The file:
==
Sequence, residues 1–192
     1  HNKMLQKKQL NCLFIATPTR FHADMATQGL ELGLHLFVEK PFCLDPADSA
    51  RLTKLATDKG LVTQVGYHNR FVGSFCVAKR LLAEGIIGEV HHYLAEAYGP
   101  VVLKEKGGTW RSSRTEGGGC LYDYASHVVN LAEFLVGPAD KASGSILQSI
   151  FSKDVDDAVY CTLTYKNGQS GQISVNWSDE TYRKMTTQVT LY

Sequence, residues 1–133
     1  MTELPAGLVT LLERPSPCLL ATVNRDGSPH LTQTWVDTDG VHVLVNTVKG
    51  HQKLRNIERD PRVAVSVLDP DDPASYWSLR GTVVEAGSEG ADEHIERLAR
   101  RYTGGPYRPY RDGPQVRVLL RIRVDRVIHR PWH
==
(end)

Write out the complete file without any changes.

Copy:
Sequence, residues 1–192
     1  HNKMLQKKQL NCLFIATPTR FHADMATQGL ELGLHLFVEK PFCLDPADSA
    51  RLTKLATDKG LVTQVGYHNR FVGSFCVAKR LLAEGIIGEV HHYLAEAYGP
   101  VVLKEKGGTW RSSRTEGGGC LYDYASHVVN LAEFLVGPAD KASGSILQSI
   151  FSKDVDDAVY CTLTYKNGQS GQISVNWSDE TYRKMTTQVT LY

Sequence, residues 1–133
     1  MTELPAGLVT LLERPSPCLL ATVNRDGSPH LTQTWVDTDG VHVLVNTVKG
    51  HQKLRNIERD PRVAVSVLDP DDPASYWSLR GTVVEAGSEG ADEHIERLAR
   101  RYTGGPYRPY RDGPQVRVLL RIRVDRVIHR PWH